Jill and I often share our dreams with one another. No matter what my dream is about, Jill somehow manages to find a penis in it. I always argue against the supposed penis symbolism and she ends the discussion with "Well, I'm just saying." Not too long ago I dreamed Jill was planning a nice surprise for me. We were in a shed and she wanted to serenade me karaoke-style to a Red Hot Chili Pepper's song. It wasn't a song I was particularly fond of, but I didn't tell her that. I only had one request: that she didn't pee all over the floor when she sang it. Jill agreed.
Jill Alexander Essbaum's most recent books include Necropolis (NeoNuma Arts, 2008) and Harlot (No Tell Books, 2007).
Reb: The cover of your third book, Harlot, has a nekkid lady embracing a giant penis. Why a nekkid lady embracing a giant penis? Are you some kind of obsessed penis pervert? Or do you consider readers of poetry to be obsessed penis perverts?
Jill: Well, Rebecca, I could dance around that question in various and very lusty ways. I could say that the cover—a lovely watercolor by the talented Cynthia Large—aggressively and accurately represents the core theme of the book, which is a woman's (read: mine) desperation to be connected to the archetypal masculine. How she seems to be holding onto the shaft for dearest life because, in fact, the penis is the fount of dearest life, a spigot of magical elixirs. How if she loosens her hold for even a moment, she might spin out into the ether, untethered and forever lost. And the naked lady herself—as round and voluptuous as any raven-haired fertility goddess. This is all quite true. But when the pot boils down to its residue, what's left is this: Absolutely I am some kind of obsessed penis pervert. I like cock. A lot.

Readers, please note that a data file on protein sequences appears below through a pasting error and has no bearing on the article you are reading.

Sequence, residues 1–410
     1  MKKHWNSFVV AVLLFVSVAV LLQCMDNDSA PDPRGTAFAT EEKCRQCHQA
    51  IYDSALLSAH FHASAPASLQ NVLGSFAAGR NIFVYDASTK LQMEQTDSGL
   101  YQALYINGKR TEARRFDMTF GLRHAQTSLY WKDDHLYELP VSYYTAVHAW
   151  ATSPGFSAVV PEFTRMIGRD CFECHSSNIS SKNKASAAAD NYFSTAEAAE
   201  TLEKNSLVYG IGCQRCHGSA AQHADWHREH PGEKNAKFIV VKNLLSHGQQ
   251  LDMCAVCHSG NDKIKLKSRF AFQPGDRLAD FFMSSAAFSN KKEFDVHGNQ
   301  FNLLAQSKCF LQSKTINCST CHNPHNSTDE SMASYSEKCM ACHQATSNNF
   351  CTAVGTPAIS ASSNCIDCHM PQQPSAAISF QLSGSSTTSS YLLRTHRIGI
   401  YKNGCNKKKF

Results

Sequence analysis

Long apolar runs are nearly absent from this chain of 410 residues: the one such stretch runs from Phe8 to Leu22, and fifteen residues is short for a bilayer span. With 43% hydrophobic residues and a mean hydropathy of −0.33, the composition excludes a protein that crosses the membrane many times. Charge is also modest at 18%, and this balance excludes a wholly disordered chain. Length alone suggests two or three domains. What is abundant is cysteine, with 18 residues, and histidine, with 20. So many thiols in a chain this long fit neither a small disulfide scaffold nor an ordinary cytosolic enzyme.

Jill: I've been recently meditating on the following memory: When I was 7 or so years old, I was cast in a Sunday School play. The plot of the drama is lost to the hum of the distant past, but it was some sort of morality play, the churchy equivalent of Goofus and Gallant, probably. The teacher cast me as "Lady of the Evening." The subtext of the role was, of course, lost on my seven-year-old self, but I quite understood the following: that I got to wear a shiny, satin kimono, smoke a candy cigarette, and shashay through the acts of the play swirling an empty highball glass in the air before me. Of course I realized that I was intended to serve as the bad example, but that didn't matter. I was sold.
A second early memory, from about the same time. It's a dream: I am dressed in the white pinafore of Disney's Alice and holding onto a fireman's pole (stop it) that penetrated (no, really, stop it) the ceiling and the floor of the hallway of the house of my childhood. Above, Christ and his angels are urging me upward. Below me, the Devil and his demons are grabbing for my heels, trying to pull me into hell.
Flash forward thirty years and I'm still dressing up in lady-of-the-evening-wear, and I'm still holding onto the pole (see answer to first question). Is it such a strange paradox? In ancient times there were such creatures as temple prostitutes, women whose charge—nay, calling—it was to honor the gods through sexual congress.
And, it might be worth noting, the words venerate and venereal share the same root.
Reb: When are you going to ditch poetry and write something people want to read?
Jill: I'd sooner ditch poetry and become a mail carrier. As Robert Townsend reminds us in his classic film, Hollywood Shuffle, "There's always work at the Post Office." I like walking and would look damn cute in a pith helmet and knee-length shorts. I'd love to be your sexy post woman. I'd deliver!